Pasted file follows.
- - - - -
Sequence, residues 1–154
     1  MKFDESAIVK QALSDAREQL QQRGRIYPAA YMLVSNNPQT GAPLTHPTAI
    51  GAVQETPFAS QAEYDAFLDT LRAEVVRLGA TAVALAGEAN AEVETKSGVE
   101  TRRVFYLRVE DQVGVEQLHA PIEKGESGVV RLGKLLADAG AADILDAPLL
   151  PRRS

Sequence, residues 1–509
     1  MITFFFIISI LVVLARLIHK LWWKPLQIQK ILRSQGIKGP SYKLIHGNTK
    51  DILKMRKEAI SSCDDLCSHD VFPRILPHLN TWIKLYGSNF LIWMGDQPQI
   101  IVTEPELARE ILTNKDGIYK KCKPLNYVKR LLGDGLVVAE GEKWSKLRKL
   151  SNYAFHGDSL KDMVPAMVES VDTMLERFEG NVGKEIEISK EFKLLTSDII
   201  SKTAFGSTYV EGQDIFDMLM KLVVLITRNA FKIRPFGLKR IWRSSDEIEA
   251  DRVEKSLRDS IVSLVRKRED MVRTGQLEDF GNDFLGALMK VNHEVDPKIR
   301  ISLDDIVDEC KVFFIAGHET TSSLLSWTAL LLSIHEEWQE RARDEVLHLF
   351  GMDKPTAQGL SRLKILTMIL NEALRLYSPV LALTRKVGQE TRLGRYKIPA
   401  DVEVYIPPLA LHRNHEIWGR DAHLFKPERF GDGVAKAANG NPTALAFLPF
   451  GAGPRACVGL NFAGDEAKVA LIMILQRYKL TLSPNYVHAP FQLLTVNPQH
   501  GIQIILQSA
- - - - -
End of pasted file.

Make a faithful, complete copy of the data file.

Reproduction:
Sequence, residues 1–154
     1  MKFDESAIVK QALSDAREQL QQRGRIYPAA YMLVSNNPQT GAPLTHPTAI
    51  GAVQETPFAS QAEYDAFLDT LRAEVVRLGA TAVALAGEAN AEVETKSGVE
   101  TRRVFYLRVE DQVGVEQLHA PIEKGESGVV RLGKLLADAG AADILDAPLL
   151  PRRS

Sequence, residues 1–509
     1  MITFFFIISI LVVLARLIHK LWWKPLQIQK ILRSQGIKGP SYKLIHGNTK
    51  DILKMRKEAI SSCDDLCSHD VFPRILPHLN TWIKLYGSNF LIWMGDQPQI
   101  IVTEPELARE ILTNKDGIYK KCKPLNYVKR LLGDGLVVAE GEKWSKLRKL
   151  SNYAFHGDSL KDMVPAMVES VDTMLERFEG NVGKEIEISK EFKLLTSDII
   201  SKTAFGSTYV EGQDIFDMLM KLVVLITRNA FKIRPFGLKR IWRSSDEIEA
   251  DRVEKSLRDS IVSLVRKRED MVRTGQLEDF GNDFLGALMK VNHEVDPKIR
   301  ISLDDIVDEC KVFFIAGHET TSSLLSWTAL LLSIHEEWQE RARDEVLHLF
   351  GMDKPTAQGL SRLKILTMIL NEALRLYSPV LALTRKVGQE TRLGRYKIPA
   401  DVEVYIPPLA LHRNHEIWGR DAHLFKPERF GDGVAKAANG NPTALAFLPF
   451  GAGPRACVGL NFAGDEAKVA LIMILQRYKL TLSPNYVHAP FQLLTVNPQH
   501  GIQIILQSA